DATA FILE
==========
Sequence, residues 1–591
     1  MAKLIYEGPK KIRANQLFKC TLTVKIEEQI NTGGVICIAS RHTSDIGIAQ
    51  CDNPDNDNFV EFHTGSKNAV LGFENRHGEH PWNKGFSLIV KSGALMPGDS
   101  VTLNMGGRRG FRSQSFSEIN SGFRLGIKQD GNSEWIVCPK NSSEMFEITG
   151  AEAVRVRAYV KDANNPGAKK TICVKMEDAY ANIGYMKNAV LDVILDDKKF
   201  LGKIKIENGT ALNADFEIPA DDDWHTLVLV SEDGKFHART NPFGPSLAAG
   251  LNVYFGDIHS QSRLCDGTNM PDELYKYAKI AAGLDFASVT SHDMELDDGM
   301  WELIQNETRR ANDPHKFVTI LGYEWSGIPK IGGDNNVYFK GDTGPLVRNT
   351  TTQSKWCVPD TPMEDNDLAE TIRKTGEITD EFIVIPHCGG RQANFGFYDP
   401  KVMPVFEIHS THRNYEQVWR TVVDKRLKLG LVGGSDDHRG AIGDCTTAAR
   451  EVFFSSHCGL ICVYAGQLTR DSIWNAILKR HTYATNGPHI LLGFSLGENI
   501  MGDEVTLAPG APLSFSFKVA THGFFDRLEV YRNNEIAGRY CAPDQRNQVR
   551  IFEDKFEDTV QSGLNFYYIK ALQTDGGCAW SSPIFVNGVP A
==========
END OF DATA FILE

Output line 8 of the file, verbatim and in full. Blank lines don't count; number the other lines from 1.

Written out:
   301  WELIQNETRR ANDPHKFVTI LGYEWSGIPK IGGDNNVYFK GDTGPLVRNT